Prof. Thorsten Hornemann – “Sphingolipids in Neurological Disorders”


IGB Seminar 17 Giugno 2024 - Hornemann


Prof. Thorsten Hornemann

Institute of Clinical Chemistry, University Hospital,

Zurich, Switzerland



Sphingolipids play a critical role in the pathophysiology of nerve disorders including leukodystrophies, the Hereditary Sensory and Autonomic Neuropathy Type 1 (HSAN1), Amyotrophic Lateral Sclerosis (ALS) and the Diabetic Sensory Neuropathy.  They modulate cellular signaling pathways, which are crucial in maintaining neurological functions. Sphingolipids are essential for myelin sheath integrity and nerve function and influence pain perception pathways and neuronal inflammation, exacerbating neuropathic symptoms. Alterations in their metabolism can result in demyelination and axonal degeneration.

HSAN1, a rare genetic disorder, directly links to mutations affecting sphingolipid metabolism, which disrupts nerve structure and function, leading to sensory loss and autonomic dysfunction. HSAN1 is clinically similar to the diabetic sensory neuropathy, a common complication of diabetes and as well associated with imbalances in the sphingolipid metabolism, which contributes to nerve damage and pain.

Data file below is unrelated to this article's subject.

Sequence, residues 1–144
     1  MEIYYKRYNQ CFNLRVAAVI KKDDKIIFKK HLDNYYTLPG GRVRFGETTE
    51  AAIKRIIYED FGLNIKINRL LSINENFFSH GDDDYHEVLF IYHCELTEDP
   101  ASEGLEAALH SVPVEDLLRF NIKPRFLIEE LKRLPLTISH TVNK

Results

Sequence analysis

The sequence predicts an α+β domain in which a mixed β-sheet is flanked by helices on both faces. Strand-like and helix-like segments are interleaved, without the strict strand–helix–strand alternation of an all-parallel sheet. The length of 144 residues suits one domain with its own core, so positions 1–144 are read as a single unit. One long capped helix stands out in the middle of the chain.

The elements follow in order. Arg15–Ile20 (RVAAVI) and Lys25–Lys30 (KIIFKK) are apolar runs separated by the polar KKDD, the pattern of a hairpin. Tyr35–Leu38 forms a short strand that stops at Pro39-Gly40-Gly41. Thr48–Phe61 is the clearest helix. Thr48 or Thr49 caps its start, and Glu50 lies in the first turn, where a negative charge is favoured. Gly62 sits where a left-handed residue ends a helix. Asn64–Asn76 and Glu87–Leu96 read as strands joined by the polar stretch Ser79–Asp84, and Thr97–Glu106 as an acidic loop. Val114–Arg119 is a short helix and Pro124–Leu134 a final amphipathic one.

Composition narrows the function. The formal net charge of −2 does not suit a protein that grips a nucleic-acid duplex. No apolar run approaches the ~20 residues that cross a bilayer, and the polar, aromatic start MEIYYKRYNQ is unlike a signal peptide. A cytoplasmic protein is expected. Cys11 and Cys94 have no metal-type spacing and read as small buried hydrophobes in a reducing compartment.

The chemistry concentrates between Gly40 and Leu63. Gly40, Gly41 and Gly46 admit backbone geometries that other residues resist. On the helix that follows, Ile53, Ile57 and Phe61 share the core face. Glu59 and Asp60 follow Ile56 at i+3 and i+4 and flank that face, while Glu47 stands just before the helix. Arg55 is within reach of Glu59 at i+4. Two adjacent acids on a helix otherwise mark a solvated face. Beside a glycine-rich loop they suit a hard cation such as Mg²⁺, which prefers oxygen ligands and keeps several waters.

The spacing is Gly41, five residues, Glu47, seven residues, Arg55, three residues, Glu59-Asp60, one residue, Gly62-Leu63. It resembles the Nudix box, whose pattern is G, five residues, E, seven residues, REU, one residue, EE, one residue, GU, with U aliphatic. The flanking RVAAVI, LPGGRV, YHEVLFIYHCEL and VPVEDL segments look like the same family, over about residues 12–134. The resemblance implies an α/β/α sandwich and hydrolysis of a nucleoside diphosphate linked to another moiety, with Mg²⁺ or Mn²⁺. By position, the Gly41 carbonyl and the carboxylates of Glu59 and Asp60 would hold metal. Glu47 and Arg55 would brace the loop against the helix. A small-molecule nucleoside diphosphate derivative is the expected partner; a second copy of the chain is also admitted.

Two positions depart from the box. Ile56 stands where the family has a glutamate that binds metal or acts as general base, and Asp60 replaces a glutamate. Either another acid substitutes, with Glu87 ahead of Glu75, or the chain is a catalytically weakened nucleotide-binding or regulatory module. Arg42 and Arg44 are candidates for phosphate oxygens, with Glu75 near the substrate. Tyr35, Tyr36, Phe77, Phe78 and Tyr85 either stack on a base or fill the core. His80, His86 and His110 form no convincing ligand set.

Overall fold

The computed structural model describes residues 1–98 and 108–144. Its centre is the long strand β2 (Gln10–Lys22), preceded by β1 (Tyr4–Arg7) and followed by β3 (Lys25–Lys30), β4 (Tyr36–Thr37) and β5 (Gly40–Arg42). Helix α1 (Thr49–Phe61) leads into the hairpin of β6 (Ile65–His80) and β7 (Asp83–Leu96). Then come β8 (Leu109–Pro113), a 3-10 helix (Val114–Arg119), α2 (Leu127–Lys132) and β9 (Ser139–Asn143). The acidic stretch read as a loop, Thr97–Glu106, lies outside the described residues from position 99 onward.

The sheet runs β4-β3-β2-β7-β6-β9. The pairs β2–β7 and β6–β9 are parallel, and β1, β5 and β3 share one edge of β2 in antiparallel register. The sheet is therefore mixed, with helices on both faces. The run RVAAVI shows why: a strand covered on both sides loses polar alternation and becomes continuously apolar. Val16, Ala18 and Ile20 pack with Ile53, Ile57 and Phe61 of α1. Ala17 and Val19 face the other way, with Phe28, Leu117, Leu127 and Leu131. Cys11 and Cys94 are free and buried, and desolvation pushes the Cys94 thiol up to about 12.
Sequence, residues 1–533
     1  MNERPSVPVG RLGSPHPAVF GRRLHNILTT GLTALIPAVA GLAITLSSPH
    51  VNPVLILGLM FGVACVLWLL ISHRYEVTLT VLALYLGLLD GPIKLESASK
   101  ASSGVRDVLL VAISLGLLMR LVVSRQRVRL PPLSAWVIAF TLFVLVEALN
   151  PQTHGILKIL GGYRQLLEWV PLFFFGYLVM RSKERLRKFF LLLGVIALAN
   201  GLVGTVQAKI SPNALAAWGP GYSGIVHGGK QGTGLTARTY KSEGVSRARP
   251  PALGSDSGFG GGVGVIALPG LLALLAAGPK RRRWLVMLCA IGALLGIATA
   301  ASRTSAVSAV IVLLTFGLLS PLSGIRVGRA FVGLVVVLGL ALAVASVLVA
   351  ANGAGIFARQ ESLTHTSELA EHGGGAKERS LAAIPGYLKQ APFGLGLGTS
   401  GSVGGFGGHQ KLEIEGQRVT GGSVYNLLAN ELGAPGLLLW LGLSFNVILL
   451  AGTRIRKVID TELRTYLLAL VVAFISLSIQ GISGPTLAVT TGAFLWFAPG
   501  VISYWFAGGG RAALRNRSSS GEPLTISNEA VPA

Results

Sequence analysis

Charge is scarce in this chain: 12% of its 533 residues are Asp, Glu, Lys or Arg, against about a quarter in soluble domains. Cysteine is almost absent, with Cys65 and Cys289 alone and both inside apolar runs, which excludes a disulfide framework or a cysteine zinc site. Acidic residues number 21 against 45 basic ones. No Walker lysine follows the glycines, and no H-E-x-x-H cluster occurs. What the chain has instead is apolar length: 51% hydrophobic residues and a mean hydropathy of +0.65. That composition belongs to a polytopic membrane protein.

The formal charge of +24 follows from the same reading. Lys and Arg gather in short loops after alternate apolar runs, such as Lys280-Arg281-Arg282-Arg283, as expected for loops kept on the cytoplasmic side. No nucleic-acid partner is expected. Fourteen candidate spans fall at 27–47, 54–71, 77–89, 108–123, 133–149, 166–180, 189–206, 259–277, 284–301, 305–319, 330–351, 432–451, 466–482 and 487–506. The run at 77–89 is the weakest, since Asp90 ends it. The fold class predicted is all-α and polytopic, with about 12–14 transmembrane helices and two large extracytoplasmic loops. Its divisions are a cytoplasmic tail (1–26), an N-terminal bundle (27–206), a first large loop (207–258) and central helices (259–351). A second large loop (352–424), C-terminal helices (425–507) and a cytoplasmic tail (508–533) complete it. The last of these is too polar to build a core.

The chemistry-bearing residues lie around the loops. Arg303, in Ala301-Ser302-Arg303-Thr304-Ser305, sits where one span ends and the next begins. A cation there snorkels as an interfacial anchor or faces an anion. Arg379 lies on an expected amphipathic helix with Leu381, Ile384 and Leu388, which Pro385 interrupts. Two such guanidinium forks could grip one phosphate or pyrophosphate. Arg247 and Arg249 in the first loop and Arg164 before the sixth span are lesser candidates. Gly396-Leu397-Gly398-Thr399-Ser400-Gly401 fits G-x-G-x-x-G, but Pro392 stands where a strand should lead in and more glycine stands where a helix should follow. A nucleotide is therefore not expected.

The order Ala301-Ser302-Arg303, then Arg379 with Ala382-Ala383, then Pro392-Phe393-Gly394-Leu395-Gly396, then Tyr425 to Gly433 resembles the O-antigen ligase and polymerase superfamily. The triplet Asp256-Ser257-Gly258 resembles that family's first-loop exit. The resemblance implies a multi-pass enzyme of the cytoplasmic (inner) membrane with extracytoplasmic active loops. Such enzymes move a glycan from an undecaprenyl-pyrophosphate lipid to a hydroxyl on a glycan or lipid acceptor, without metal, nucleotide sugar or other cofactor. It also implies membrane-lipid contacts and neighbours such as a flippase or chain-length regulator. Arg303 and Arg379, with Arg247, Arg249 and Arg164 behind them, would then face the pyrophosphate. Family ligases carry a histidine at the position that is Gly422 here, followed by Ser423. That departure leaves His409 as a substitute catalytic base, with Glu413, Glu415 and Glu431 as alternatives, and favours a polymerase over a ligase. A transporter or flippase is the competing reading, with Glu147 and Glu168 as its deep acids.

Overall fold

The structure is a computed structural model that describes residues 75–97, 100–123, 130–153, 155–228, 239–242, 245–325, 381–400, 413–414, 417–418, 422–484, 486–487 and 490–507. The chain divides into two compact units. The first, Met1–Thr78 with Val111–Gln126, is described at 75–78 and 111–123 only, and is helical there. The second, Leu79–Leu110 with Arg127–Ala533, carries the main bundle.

Targeting sphingolipid metabolism therefore offers a promising therapeutic approach to stabilizing myelin and mitigating neurodegeneration in peripheral nerve disorders.




Dr. Thorsten Hornemann is professor for clinical chemistry at the University of Zurich where he leads the lipidomics facility. His primary interest is the sphingolipid metabolism and sphingolipid-related pathologies. His contributions encompass the development of advanced mass spectrometry based analytical methods and metabolic labeling techniques, which have been crucial for investigating the structure, function, and metabolism of sphingolipids.

His work also involves establishing novel lipid metabolites and lipid-based metabolic signatures as diagnostic and prospective biomarkers in context of metabolic diseases. One of his major achievements includes the discovery and characterization of 1-deoxySphinglipids a class of atypical and neurotoxic sphingolipids, which have been pivotal in understanding the pathogenesis of the Hereditary Sensory and Autonomic Neuropathy Type 1 (HSAN1) and the diabetic sensory neuropathy.

His work has significantly contributed to the role of sphingolipid in this condition, highlighting the importance of these lipids on nerve damage and pain perception pathways.

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Jun 17 2024


12:00 - 13:30


Sala Convegni “Roberto Vaccaro”
Via Pietro Castellino 111


Floriana Della Ragione
081 6132 338